Oliveiro is a young poet living in Buenos Aires where sometimes he has to sell his ideas to an advertising agency to make a living or exchange his poems for a steak. In Montevideo, he meets... See full summary »
Mario and Ana, in voluntary exile from Buenos Aires, live in a remote Argentine valley with their 12-year-old son Ernesto. Mario runs a school and a wool cooperative; Ana, a doctor, heads a... See full summary »
In 1920, some workers of Patagonia, grouped in anarchist and socialist societies, decide to make a strike demanding better working conditions. The situation becomes unsustainable and the government sends the order is restored.
A union organizing demolition worker and a friend of his decide to blackmail the corrupt company they work for setting up a fake accident. Because of a miscalculation the friend dies, but ... See full summary »
Julio De Grazia
Bear has never gotten over the separation from his wife and daughter after having been convicted for armed robbery and homicide and sent to prison. Now he is out, to finally get his cut of ... See full summary »
Israel Adrián Caetano
A new patient mysteriously appears in a psychiatric ward. He claims to come from another planet to study humans and their behavior. The alien is gentle but criticizes humans for their harsh treatment of each other. The assigned psychiatrist is himself unhappy, and affected by the patient's insight. But he is ordered to treat the patient according to institutional procedure.Written by
Greg Pribyl <firstname.lastname@example.org>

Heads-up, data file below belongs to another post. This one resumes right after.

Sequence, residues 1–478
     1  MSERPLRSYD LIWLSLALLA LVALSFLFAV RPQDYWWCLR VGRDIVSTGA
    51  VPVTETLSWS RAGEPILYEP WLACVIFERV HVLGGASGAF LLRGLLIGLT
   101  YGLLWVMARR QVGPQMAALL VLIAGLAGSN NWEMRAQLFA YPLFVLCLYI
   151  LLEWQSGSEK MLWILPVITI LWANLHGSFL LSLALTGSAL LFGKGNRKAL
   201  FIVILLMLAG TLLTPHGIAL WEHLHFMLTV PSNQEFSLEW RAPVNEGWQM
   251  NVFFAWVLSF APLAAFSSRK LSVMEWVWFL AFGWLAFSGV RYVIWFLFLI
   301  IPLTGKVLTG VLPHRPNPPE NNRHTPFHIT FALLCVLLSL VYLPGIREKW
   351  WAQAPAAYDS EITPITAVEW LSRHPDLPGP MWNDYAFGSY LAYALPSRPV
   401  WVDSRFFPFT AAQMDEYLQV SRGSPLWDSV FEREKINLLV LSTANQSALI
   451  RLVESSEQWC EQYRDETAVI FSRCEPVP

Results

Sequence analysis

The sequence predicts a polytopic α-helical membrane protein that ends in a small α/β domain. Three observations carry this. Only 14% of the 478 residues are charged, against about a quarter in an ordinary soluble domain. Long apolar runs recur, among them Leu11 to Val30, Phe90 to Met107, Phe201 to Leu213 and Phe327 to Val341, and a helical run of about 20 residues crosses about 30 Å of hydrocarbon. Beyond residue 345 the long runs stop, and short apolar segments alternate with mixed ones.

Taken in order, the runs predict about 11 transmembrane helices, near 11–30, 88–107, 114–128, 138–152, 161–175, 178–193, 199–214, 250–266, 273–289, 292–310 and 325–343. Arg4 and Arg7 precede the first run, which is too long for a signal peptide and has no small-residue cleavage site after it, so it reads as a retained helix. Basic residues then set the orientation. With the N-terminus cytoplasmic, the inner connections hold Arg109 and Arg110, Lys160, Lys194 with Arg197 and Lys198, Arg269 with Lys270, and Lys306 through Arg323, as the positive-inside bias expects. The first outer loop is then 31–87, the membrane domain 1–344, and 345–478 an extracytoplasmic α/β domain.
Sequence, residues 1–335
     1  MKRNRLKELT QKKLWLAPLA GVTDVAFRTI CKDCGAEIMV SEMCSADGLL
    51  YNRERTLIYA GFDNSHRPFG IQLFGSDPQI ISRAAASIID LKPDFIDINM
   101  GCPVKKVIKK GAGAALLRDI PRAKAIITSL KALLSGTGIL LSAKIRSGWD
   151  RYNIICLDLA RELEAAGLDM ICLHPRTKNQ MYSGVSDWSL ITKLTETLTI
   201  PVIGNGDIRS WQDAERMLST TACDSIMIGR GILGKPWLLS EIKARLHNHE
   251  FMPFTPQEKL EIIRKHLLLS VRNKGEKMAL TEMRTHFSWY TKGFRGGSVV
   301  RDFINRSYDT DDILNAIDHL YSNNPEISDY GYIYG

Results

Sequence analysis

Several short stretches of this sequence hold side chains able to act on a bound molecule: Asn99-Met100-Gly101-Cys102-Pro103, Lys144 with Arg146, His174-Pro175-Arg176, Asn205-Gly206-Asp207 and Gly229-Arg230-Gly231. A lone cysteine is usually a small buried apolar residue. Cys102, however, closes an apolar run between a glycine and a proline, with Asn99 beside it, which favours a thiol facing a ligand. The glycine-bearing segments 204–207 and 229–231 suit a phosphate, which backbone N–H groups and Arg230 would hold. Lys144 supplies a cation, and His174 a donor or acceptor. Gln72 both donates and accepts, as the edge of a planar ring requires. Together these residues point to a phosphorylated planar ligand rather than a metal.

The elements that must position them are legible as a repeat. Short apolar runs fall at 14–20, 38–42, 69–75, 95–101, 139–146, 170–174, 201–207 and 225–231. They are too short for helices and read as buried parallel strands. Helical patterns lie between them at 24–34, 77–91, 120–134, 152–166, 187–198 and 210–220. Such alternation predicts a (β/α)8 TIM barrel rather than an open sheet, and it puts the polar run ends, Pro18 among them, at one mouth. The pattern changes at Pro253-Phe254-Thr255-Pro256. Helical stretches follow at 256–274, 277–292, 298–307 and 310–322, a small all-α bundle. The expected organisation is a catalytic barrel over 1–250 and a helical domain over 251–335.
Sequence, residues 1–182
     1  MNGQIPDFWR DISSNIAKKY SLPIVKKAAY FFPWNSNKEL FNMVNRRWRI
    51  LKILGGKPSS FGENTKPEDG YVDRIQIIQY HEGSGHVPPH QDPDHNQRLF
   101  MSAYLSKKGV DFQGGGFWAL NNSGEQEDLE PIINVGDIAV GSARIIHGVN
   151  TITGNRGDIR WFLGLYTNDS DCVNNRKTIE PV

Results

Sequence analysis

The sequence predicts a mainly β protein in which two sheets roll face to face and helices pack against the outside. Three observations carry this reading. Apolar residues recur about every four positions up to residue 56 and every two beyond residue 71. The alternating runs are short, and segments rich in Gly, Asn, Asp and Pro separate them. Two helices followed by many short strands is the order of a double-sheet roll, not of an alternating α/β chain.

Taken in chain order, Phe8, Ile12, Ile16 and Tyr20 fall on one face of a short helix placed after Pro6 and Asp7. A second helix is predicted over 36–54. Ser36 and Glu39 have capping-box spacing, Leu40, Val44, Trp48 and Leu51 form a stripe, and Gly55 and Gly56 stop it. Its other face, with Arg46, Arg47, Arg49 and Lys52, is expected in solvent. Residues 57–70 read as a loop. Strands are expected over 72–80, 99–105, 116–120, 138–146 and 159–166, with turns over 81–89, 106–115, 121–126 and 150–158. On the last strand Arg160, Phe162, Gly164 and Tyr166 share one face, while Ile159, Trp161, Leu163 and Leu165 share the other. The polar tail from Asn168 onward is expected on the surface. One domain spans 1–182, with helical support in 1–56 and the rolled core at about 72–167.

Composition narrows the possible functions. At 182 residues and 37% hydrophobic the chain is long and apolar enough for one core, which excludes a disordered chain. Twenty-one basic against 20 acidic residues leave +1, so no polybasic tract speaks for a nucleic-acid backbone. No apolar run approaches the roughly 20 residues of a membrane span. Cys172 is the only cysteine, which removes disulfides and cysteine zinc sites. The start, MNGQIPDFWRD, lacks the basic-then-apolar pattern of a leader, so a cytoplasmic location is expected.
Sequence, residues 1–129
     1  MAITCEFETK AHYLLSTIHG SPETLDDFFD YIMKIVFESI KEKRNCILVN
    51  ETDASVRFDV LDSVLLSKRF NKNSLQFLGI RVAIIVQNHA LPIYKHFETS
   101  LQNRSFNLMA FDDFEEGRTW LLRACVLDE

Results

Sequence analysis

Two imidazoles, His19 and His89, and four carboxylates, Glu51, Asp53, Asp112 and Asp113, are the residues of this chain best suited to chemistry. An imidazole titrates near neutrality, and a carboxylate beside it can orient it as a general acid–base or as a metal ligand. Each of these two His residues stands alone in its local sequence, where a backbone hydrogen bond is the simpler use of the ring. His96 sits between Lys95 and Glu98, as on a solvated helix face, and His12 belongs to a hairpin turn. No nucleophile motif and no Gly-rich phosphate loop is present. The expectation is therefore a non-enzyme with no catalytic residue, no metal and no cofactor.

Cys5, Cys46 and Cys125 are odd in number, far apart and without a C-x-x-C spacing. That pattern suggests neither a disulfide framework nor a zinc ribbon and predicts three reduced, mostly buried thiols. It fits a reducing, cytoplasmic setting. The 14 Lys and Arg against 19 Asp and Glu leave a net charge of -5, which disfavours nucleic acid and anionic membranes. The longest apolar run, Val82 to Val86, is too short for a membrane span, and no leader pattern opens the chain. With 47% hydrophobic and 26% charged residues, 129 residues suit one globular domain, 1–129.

Persons interested in philosophy may recognize Rantes' basic position on ethics to be that of renown ethical philosopher Immanuel Kant. The ethical good is simply that which makes sense. Put that together with his stated mission, to figure out what is wrong with earth people before we get off this planet. The implication is that the earth, as a whole, is not sane. See more »
Those who complain about this movie being "depressing" and full of unanswered questions miss the point. An intelligent viewer must look beneath the surface; there's a clever story and a set of plot twists that await whomever is willing to make the minimum effort required to do that.
The movie keeps the viewer's interest by using a series of cinematic devices and by raising questions. The important ones get answered all right, while some unimportant ones are left open. Subiela himself admitted later that there is no real reason for Beatriz's changes of shoes, or for the blue liquid coming out of her mouth. But the central theme remains that of a man that approaches sainthood (note the numerous parallels with the story of Christ) by just doing what is logical---not out of any belief from a contrived moral system.
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